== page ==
Film

Review: Frustratingly Familiar, Witchcraft in The Wretched Barely Casts a Spell

In any horror movie, whenever there are strange symbols carved into the sides of trees or the same said symbol made of twigs hanging from string in a basement, you can almost always bet that some level of witchcraft is afoot. From sibling filmmakers Brett and Drew Pierce (Deadheads) comes The Wretched, the story of a teenage boy named Ben (John-Paul Howard), who is dealing with this parents divorce and being shuttled between them. And there’s apparently an evil force that comes out of the woods, perhaps looking to take over the bodies of local residents, steal and eat their children, and then mess with their heads so that the parents don’t even remember they have kids, and thus never report them missing. It’s actually the perfect plan, if you remove the eating of children part of it.

The Wretched

Image courtesy of IFC Films

Ben is currently visiting his father (Jamison Jones) for the summer to work at the family marina, assisting boaters and flirting with co-worker Mallory (Piper Curda). Ben is having trouble adjusting to life with dad, especially when he finds out dad has a new lady friend (Azie Tesfai). But those issues seem petty compared to what’s going on with Abbie (Zarah Mahler), the woman living next door with her husband (Kevin Bigley) and their young son, who goes missing right after he starts to realize that something isn’t right about his mother. He tries to explain his suspicions to Ben, but then he not only goes missing but neither of his parents seem to even know that they have a child, leaving Ben to not only solve the mystery of the missing boy but figure out why his parents act like Ben is crazy for even bringing it up.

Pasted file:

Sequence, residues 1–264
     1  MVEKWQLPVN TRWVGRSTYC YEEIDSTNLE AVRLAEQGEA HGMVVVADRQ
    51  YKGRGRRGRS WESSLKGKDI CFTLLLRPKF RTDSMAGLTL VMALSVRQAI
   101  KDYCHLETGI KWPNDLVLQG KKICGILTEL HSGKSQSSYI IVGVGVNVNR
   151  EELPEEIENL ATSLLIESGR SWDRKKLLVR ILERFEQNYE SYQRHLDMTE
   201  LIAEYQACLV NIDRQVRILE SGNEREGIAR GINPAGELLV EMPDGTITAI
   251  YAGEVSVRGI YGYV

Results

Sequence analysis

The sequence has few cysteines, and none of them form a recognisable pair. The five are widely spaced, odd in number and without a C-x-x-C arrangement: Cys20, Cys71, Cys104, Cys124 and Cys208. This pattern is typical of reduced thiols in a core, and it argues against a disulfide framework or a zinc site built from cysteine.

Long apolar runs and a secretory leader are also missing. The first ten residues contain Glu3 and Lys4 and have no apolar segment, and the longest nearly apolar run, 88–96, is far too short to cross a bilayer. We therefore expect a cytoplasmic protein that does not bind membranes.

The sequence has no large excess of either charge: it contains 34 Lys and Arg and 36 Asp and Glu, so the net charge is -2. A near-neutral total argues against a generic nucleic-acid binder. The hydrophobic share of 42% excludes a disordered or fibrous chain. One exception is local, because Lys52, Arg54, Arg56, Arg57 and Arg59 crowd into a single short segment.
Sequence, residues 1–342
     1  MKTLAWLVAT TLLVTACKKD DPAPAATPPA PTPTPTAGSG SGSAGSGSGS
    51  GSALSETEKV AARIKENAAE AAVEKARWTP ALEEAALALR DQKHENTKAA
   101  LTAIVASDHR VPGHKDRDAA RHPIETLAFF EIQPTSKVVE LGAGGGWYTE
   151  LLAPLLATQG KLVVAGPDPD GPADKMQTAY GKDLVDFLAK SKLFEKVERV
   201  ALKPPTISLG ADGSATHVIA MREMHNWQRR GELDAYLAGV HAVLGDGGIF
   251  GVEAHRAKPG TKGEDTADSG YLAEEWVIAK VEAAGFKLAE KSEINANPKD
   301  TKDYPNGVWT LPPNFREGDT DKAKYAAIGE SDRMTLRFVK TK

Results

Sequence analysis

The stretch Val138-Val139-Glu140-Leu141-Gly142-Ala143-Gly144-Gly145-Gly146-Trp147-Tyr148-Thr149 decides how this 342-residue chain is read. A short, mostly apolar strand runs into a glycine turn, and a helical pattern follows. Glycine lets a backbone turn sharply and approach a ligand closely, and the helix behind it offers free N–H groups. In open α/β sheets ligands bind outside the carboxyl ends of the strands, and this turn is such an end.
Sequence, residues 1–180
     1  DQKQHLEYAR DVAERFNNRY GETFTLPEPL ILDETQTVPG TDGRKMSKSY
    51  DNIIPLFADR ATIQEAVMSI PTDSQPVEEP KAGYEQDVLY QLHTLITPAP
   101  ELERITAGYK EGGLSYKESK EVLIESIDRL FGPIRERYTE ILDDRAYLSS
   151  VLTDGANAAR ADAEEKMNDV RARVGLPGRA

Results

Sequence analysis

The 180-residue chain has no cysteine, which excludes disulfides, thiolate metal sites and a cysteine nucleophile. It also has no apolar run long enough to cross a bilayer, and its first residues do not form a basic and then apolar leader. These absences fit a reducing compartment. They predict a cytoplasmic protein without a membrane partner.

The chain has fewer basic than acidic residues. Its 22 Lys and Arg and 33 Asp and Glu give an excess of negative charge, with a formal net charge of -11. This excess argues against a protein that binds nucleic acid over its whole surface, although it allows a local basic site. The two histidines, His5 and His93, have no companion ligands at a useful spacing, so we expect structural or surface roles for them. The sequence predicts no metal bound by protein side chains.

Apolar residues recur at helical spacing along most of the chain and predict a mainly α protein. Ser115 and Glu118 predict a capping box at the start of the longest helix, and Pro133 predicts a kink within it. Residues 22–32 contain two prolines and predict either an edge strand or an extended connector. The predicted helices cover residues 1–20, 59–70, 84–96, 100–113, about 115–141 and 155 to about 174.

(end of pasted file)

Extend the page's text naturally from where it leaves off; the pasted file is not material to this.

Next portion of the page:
Ben suspects something supernatural is at the center of this strange happenings, and he and Mallory set out to uncover the truth about these skin-walking creatures that can take on the form of humans, for the most part, but not their personality exactly. The Wretched (a great horror-movie title, by the way) has a few moments of genuine creepiness, especially when Ben pokes around in the woods or other dark corners of the town looking for various signs that witches may be behind the child vanishings. Nothing about the movie is particularly unpredictable, though there are moments when paranoia becomes the driving force as Ben is never quite sure who’s on his side and who has been turned or put under a witch’s spell.

The film doesn’t really bother to dig much into the characters’ lives beyond the scope of this story, although the hesitant relationship between Ben and Mallory is both sweet and knowing about the perils of getting together just for a summer. Ben has something of a dark history that is discussed but never really dealt with in the context of the rest of the goings-on. Perhaps the best thing about The Wretched is the creature design of the uncovered witches (if that’s what they are), which is only revealed to the viewer in fragments throughout the film. But what we are able to gander of it is impressively icky, if not all that scary. Horror fans will find a great deal of the movie frustratingly familiar, while those dipping their collective toe into the genre just to try something new in these troubling times will likely be underwhelmed.

The film is available now via On Demand and on most digital streaming platforms.

Did you enjoy this post? Please consider supporting Third Coast Review’s arts and culture coverage by becoming a patron. Choose the amount that works best for you, and know how much we appreciate your support! 

1 reply »

Leave a Reply

Your email address will not be published. Required fields are marked *